Bayer Chemistry to Develop New Herbicides

Chemistry: Weeds are becoming resistant to selective herbicides.
Herbicides have officially been used since 1890, though common salt could have used to kill weeds for possibly a thousand years before. The first selective herbicide was identified in 1940. It later became 2,4-D compound and was released in 1946.  Seventy years later we face the problem of weed resistance to selective chemicals. Western Australia can no longer get significant kill of weeds growing around crops. It is costing farmers a fortune.
Ryegrass weed growing in crops
Project Kangaroo has been initiated. It is managed by Australia’s Grains Research and Development Corporation (GRDC) and receives assistance from Bayer of Germany. Money from growers is funding it: they are paying $45 million in levies. The Federal Government is promising money. Knowing how government has behaved recently the project might get a dollar!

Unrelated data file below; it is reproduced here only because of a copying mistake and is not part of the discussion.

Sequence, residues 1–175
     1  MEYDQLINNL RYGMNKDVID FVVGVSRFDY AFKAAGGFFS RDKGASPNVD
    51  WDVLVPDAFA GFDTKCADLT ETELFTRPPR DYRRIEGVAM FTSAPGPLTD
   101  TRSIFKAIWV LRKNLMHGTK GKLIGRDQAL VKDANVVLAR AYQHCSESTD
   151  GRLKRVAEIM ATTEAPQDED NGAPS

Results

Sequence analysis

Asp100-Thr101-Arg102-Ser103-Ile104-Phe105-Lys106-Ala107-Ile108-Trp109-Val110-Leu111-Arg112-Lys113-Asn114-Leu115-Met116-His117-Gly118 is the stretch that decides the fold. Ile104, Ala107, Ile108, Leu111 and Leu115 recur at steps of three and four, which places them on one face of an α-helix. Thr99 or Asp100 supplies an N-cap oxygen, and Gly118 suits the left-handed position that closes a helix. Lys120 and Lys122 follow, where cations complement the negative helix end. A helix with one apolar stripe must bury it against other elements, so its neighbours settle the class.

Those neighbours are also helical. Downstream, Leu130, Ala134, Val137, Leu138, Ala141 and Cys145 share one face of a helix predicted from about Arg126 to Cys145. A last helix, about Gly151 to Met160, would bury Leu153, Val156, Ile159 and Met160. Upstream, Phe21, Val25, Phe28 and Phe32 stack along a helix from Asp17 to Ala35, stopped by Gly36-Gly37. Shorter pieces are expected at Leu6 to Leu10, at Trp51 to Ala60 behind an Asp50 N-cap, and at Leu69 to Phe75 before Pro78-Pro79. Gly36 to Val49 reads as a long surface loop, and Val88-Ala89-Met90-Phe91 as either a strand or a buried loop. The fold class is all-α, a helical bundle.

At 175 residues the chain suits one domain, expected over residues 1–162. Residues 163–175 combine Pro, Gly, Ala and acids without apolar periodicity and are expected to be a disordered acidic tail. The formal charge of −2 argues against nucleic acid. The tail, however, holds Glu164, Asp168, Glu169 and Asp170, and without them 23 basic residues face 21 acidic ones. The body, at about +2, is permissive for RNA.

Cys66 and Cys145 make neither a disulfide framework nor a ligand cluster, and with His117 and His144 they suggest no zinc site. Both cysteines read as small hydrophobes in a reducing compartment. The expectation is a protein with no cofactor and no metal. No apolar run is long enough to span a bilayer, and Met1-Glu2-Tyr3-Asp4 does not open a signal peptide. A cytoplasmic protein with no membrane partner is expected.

Wild radish and ryegrass are the main culprits affecting crops. Glyphosphate was used widely to control these weeds. They are not very effective these days. Chemical companies need to take a new tack and work at the molecular, even atomic level, to find ways of killing selective weeds. Nature though is good at overcoming new things in the environment. It is only a matter of time before evolution beats "unique" obstacles set up by Man.
 Chemstry by Ty Buchanan 
 Australian Blog
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